Can Ontario Really Build 1.5 Million More Homes?
The province says Ontario needs 1.5 million more homes by 2031, a third to address the current shortage and another million to accommodate growth. But development experts say it will be a challenge to achieve that goal even with all the changes outlined in Tuesday’s Build More Homes Better Act.
The construction industry says it faces a shortage of skilled trades and should widely adopt construction innovations that are becoming more common in other jurisdictions. Like consumers, it has also been hard hit by rising borrowing costs that are eating away at the viability of some projects.
Even the government has acknowledged that its housing targets are ambitious despite its proposed accelerated approval times and building incentives of capped and frozen development charges that have cities fearing a loss of revenue.
Ontario needs to increase the flow of skilled immigrants to the province to boost last year’s housing starts record of nearly 100,000 homes, said Richard Lyall, president of the Home Construction Council of Ontario (RESCON). .
He said the industry is already pressuring Ottawa to speed up the assessment of applications from construction workers who apply to come here. A September report by construction trade union organization BuildForce said Canadian industry will be short of 29,000 workers by 2027.
Lyall said the construction industry was already at its peak. Even though it is out of the park in terms of attracting workers, it still needs one thing.
“We need to go more modular. We need to go more paneled,” Lyall said, referring to prefab housing.
Panel construction is when walls and roofs are assembled at the job site. Modular construction means that a prefabricated structure is shipped and placed in place by a crane.
The United States and Sweden are using the technology to speed up construction, but Ontario needs more facilities to produce it, Lyall said.
The province isn’t too badly off when it comes to plumbers, electricians and sheet metal workers, he says.
“Where we had real pinch points were the mud crafts, which have everything to do with concrete.”
These jobs include masons, tile setters and forming carpenters.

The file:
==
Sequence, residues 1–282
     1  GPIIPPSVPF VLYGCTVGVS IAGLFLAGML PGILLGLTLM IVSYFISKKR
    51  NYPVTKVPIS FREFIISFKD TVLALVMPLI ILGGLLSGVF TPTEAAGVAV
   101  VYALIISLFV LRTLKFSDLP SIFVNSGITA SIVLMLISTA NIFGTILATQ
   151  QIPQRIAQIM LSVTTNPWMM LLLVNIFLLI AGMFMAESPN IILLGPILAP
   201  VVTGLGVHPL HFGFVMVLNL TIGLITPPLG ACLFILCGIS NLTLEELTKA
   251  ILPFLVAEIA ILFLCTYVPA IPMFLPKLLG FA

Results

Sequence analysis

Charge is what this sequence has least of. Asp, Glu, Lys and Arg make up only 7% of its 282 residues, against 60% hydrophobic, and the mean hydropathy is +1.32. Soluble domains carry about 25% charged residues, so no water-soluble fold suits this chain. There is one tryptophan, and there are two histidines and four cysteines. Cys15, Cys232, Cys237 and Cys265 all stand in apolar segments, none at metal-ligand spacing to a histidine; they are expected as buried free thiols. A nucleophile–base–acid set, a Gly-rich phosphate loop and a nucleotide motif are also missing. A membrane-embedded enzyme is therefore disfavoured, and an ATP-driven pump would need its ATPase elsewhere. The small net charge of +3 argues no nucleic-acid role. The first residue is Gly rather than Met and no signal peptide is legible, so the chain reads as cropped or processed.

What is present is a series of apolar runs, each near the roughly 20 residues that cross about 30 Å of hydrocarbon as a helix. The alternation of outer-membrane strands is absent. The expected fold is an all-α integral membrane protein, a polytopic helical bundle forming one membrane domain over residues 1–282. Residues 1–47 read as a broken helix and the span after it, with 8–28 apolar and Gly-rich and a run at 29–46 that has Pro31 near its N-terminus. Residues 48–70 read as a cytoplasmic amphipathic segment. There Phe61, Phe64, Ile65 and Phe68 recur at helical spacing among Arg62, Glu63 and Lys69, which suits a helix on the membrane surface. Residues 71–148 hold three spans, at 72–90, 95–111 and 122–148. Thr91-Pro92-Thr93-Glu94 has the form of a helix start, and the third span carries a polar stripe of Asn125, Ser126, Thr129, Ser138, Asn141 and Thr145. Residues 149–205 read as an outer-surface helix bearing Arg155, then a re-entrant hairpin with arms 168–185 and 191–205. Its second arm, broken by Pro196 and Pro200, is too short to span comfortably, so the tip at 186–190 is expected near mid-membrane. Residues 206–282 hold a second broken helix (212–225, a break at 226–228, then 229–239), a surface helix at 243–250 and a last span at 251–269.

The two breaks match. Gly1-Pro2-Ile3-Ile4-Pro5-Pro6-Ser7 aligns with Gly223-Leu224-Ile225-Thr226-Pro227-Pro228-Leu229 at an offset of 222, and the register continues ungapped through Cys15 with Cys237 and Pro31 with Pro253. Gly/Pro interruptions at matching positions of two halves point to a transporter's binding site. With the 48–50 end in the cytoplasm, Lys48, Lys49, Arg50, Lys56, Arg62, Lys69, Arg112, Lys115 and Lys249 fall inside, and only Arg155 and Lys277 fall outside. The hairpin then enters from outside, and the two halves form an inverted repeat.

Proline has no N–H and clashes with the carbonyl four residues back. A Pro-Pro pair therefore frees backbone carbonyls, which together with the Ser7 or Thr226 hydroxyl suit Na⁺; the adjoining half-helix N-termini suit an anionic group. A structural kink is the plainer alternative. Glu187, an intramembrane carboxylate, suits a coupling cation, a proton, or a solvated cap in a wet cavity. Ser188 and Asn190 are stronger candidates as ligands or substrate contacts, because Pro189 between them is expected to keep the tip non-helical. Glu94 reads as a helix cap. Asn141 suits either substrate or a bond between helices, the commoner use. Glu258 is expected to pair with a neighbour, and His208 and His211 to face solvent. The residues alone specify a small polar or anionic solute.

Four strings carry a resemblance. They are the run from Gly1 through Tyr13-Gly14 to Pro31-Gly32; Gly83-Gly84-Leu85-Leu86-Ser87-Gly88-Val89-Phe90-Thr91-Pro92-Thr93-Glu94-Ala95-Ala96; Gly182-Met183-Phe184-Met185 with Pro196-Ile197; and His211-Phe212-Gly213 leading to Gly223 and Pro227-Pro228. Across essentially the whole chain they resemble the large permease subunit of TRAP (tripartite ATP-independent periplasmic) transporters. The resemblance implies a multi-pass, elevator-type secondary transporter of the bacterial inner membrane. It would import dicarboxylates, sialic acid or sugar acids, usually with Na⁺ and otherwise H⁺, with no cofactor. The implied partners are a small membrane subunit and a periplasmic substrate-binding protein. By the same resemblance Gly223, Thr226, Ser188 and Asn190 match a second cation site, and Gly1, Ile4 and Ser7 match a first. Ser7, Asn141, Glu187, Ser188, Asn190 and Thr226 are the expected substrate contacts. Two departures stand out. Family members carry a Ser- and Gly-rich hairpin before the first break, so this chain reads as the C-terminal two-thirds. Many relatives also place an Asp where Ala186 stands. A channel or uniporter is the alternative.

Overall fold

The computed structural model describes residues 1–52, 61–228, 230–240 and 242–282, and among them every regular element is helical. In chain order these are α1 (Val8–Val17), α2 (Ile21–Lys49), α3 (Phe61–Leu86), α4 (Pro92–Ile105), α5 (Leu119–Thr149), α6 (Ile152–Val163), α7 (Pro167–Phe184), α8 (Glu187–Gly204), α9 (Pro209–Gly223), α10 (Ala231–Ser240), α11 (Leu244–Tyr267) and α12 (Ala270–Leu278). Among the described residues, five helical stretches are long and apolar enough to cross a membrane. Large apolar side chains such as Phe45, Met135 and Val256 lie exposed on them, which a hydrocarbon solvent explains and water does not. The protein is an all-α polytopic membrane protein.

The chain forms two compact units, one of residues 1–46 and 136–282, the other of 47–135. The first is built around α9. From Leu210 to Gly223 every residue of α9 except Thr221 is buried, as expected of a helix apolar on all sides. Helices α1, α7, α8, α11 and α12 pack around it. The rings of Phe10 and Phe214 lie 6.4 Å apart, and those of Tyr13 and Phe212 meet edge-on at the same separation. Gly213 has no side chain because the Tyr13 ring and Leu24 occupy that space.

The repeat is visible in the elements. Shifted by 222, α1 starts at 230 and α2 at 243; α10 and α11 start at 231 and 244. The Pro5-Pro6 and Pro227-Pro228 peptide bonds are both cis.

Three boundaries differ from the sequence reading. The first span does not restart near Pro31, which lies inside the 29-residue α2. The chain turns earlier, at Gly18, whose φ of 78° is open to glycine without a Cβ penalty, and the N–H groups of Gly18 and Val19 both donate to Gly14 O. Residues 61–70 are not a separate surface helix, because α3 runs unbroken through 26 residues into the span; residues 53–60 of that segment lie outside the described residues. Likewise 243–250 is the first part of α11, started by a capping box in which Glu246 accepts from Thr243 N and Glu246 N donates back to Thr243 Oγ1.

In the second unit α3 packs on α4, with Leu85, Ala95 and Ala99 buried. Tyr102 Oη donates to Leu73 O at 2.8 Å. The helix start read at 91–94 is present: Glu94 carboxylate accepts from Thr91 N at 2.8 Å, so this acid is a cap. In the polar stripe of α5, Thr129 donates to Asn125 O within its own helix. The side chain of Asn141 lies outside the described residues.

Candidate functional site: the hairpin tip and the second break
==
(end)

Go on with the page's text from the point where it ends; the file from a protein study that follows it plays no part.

It’s harder for immigration officials to assess those skills, and countries have different standards, Lyall said.
Even if the industry can meet the housing targets, some doubt that the financial incentives contained in the sweeping legislation will be enough to offset the current housing downturn. Will developers see projects as viable as demand has plummeted due to economic uncertainty and escalating borrowing costs?
The Building Industry and Land Development Association (BILD), which represents home builders in the GTA, reported that the sale of pre-construction and newly built homes hit record highs last month.
But BILD CEO David Wilkes played down that concern and said it was imperative homes were built now so they would be available when demand resurfaces.
“There is no doubt that we are now in a pause in housing demand,” he said. « This sector goes through this in a variable and regular way. »
The provincial plan must be seen in the context of the next decade and beyond, Wilkes said. « Otherwise we’ll have the same conversation later, » he said.
Anything is possible when it comes to meeting the government’s housing targets, but it won’t be easy, Lyall said.
“There are a lot of pieces that need to fall into place here and so far outside the province there has been a lot more talking than walking. I worry. We have a lot of immigrants coming in and where are they going to live? »
But, he said, « Sometimes when you really hit a wall, it pushes people into action. »
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